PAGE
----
The internal hard drive partitions
Note the 4 GB SWAP partition on /dev/sda6

The external USB drive partitions

2. Then it was time to install Arch Linux on /dev/sda8. When the installation prompted installation of Grub2 during installation, I chose to install Grub2 on /dev/sda8. Such an installation of Grub2 does not affect the existing Grub2 installation in MBR. I did it just the same to find out “start data” for Arch Linux. I then read these start data from Mint in the /mnt/sda8/boot/grub/grub.cfg file.

3. After that I started Mint on /dev/sda7 again. Now it was time to get a real “multiboot computer” using Grub2. This is how I did it:
A) In /etc/grub.d I deleted all files except 00_header, 05_debian_theme, 06_mint_theme, 40_custom and README. Said folder then looked like this.



B)
I edited the /etc/grub.d/40_custom file to look like this. Note that this is how my 40_custom file looks like now when I have installed totally twelve Linux systems. What I should write about the start of Arch Linux (see above) was already fixed by looking at the /mnt/sda8/boot/grub/grub.cfg file. I could do it in a similar way when I installed the other eleven Linux systems.

C) Finally, I ran the update-grub command. Then the /boot/grub/grub.cfg file (which is the file Grub2 “takes into account” at boot) was created/changed. This file (grub.cfg) should never be edited manually. Instead, edit the file 40_custom, as I showed above. Always use Leafpad or Mousepad (or a similar simple editor) when editing 40_custom. Never Libre Office Writer or Word or the like of them. Study my present grub.cfg file. When I now start up my Acer Aspire the boot screen look like this.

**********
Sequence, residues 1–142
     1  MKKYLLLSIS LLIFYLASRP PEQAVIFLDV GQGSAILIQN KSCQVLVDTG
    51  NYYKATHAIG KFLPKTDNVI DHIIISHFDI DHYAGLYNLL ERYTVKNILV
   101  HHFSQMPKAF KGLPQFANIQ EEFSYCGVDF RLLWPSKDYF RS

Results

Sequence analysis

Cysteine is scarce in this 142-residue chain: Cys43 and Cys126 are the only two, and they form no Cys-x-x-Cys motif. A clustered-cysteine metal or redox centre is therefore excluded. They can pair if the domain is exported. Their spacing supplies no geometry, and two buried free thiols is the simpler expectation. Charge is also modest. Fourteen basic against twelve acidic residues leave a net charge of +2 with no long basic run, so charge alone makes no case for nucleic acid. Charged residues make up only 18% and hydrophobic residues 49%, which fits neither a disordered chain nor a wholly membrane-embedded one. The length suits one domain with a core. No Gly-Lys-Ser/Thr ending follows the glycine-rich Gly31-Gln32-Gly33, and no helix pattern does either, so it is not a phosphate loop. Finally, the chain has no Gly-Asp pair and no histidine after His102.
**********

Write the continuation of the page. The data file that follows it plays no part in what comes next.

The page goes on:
My BIOS settings on my Acer Aspire look like this.

Configuring Grub2 – Example for UEFI BIOS computers
On another computer (laptop) Lenovo Z50 from 2015 I have Windows 10 installed together with three Linux systems. Ubuntu 17.04 and two Android-x86 systems. Since Windows 10 was installed in UEFI mode I also had to install Ubuntu 17.04 in UEFI mode to be able to configure Grub2 the way I describe above. I went into BIOS and changed the settings to look like this.

When I went into the boot menu in BIOS I could choose my USB stick. In this case Kingston DataTraveler – watch this screenshot.

So I started up Ubuntu 17.04 from the USB stick and installed it on a partition I had created in advance using GParted.  Since my Lenovo already had a ESP (EFI System Partition) I installed Grub2 onto that partition. When I now start up my Lenovo the boot screen looks like this. (You can of course install many more Linux systems if you like. Just edit /etc/grub.d/40_custom the way I describe above).